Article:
Adapted from “The Work” by Byron Katie
Shifting relationships is all about shifting YOU. The goal is that YOU feel better. Anger and resentment are like taking poison hoping the other person will suffer. This tool helps us release negativity and move on in a genuine and healthy way.
Instructions: Fill in the blanks below, writing about someone (dead or alive) you haven’t yet forgiven 100 percent. Use short, simple sentences. Don’t censor yourself—try to fully experience the situation as if it were occurring right now. Take this opportunity to express your judgments on paper.
1. What is it that the person you are angry at should or shouldn’t do, be, think, or feel? What advice could you offer?
(Name)___________________ should/shouldn’t ________________________________________________________________
Example: Paul should pull his weight. He shouldn’t argue with me.
2. What do they need to do in order for you to be happy?
I need (Name)__________________ to ________________________________________________________________________
Example: I need Paul to step up in this relationship. I need Paul to respect me.
3. What do you think of them? Make a list.
(Name)_____________________ is ___________________________________________________________________________
Example: Paul is unfair, arrogant, lazy, inconsiderate, and unconscious.
The Four Questions
1. Is it true? (The answer is a simple yes or no. There is no, “Well, in this situation…” If it is “no” go to #3)
2. Can you absolutely know that it’s true?
3. How do you react, what happens, how do you treat others and yourself, when you believe that thought? Can you find a single, stress-free reason to keep that thought?
4. Who or what would you be without the thought?
Turning It Around
Knowing that relationships present a perfect mirror of ourselves, we can fully shift our negativity when we understand how we are triggered by things others do which are the very things we judge most in ourselves.
Taking the above judgments, turn the thought around (original thought: Paul doesn’t respect me):
a) To the self (I don’t respect me) – Could that be as true or truer?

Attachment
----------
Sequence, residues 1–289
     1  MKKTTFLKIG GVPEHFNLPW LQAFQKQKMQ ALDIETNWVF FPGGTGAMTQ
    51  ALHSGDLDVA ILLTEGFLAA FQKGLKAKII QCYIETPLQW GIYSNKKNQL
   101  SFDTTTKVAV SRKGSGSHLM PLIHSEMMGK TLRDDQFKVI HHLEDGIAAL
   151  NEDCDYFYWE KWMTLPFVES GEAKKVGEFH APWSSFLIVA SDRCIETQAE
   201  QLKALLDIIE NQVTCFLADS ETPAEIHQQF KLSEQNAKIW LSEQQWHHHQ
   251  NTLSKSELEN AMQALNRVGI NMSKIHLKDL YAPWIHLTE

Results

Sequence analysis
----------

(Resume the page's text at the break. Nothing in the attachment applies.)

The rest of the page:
b) To the other (I don’t respect Paul) – Could that be as true or truer?
c) To the opposite (Paul does respect me) – Could that be as true or truer?
When dealing with an object/ condition, you can replace the object with “my thinking” or “my thoughts.”
Find 2-3 genuine and specific examples of how each turnaround is true in your life (i.e. Paul not only respects me, he has empowered me to go back and get my degree, and he regularly makes considerable sacrifices so I can do that. And he has really taken over all responsibilities in some important areas, like he has been doing all the cooking lately… healthy cooking, too… and all this eating at home saves us a lot of money).
More About The Work
When You Want to Defend Yourself… Do The Work!
Defense is the first act of war.
If Paul says, “You’re wrong!” and you react with, “How can you possibly say that?” or, “I can prove that I’m right, and here’s why,” or, No, you are wrong, and I think you’re rude”—and even if you don’t say it out loud, maybe you think it, that is also stressful—and that’s the moment you’ve started the war, even if it’s a silent war festering inside of you.
When you want to defend yourself, it’s time to do The Work.
The Work allows us to consider other possibilities than our own judgmental thoughts. It shows the mind what is as true or truer than the original thought. People usually find that the Turnaround is as true or truer than the stressful thought they began with.
In doing The Work, it’s not about having others change for you, it’s about you taking responsibility and staying in your own business.
Stay focused on the changes you can create! When you take away the negative thoughts and judgments, you open yourself to being altogether different…. and meeting this person from there, full of possibility.
Find free worksheets and other tools at http://www.thework.com.